’Resilience’ has been the catchword for the past couple of years. We have been talking about resilient immune systems, resilient healthcare systems, resilient social and economic systems. But one other need for resilience has emerged in the supply chain industry. The supply chain industry faced numerous shocks as the COVID-19 pandemic surged across borders and continents. Sea, air, rail, and road freight were each detrimentally affected in the past couple of years.
In this article, we chart the significant causes of concerns that emerged during the pandemic year and have created deep wounds within the industry. However, the resilience of the supply chain industry remains in their ability to conjure solutions at every step of the way. The article also addresses these various solutions and the changing face of global logistics.
Closures, Congestion and Containers
When the virus left the thresholds of Wuhan, the immediate reaction of the government, corporates, and social enterprises were to shut down operations. Understandably, a complete shutdown of ports and terminals was not deemed possible, but there was reduced activity whenever a port or a terminal reported a case. In April 2020, many European ports were working at reduced capacities, and as commercial outlets shut down, cargo began piling at ports and terminals. As recently as the last two months, Port of Shanghai and Ningbo shut down sectors as coronavirus was reported in the docks.
Even the slightest disruption can send the functioning of these large ports into disarray, causing set back to global supply chain movements. This struggle has caused a domino effect through the industry, resulting in rising container prices and the inability to find enough equipment to move the cargo. The question on everyone’s mind was ‘Where are the containers?’. Apart from the pandemic related imbalance, other larger forces also contributed, as the hard-hit carriers began allowing costs to escalate to astronomical heights! The casualties? The small and medium-sized freight forwarders and the eventual consumers.
But no matter the challenges, this resilient industry found alternatives. Early in the pandemic, when the shipping industry was hit, rail freight emerged as the obvious alternative to the pricey air freight and the excruciatingly slow sea freight. All welcomed the sudden boom in the rail freight industry. However, reports from this year suggest that rail freight is facing the same issues as other industries when it comes to rates and congestion. Rail freight over the New Silk Road was hit due to border congestions in Kazakhstan and Poland and the container crisis. The challenges continue as large and small players invest in finding novel solutions to resolve the pandemic induced domino effect.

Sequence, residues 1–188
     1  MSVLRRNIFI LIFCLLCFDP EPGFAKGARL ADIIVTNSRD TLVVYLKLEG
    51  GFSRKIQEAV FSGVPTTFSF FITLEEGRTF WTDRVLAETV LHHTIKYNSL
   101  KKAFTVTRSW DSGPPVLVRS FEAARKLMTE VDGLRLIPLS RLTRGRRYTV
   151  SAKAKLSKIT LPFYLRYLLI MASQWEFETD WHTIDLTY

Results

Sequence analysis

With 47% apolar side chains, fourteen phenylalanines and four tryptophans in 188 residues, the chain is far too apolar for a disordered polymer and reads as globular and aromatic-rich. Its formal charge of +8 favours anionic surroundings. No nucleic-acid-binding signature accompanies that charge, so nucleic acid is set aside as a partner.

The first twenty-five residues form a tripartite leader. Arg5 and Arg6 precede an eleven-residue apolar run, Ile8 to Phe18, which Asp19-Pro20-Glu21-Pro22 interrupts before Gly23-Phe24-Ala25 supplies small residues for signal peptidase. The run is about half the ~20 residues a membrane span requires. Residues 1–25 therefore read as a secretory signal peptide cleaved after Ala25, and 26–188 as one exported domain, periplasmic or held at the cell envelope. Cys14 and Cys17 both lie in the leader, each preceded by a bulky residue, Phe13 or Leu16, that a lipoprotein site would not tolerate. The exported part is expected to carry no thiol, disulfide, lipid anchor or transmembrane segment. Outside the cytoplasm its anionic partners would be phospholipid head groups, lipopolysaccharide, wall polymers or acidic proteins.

Changing with Pandemic
When the pandemic dismantled traditional processes, the resilient logistics industry fought tooth and nail to keep the machine running. It gave a chance to introduce new methods and technologies that are now becoming commonplace. The response to the risks brought by the pandemic was mitigated in various ways. Logistics players reorganised supply chain networks by prioritising key suppliers and recognising alternative suppliers, transport routes, distance and time. Furthermore, predictions and AI are emerging to be the future of logistics networks. Having relevant information at all times is critical for logistics companies.
Second, the pandemic required lesser and lesser physical handling of cargo due to labour shortage and the need for an efficient process. Robotics will play a significant role in warehouses in the near future, especially in developed logistics spaces. The demands of the future will require forwarders to adopt efficient technologies in the day to day process as a way to build faster and more robust supply chains. Third, the pandemic caused a severe shift in consumer behaviour as e-commerce took to the fore. Cost, capacity and efficiency are the focus of first and last mile haulage. Keeping track of changing consumer patterns can give a logistics company an edge over others. Finally, until the pandemic ends, logistics providers need to adhere to high safety standards as the industry itself is a high networking one. Social distancing, screenings and temperature checks are part of the new normal for everyone from the dock workers to the General Managers in any logistics set-up. The demands are rigorous, and rigour can only be mastered if the supply chain industry is resilient.
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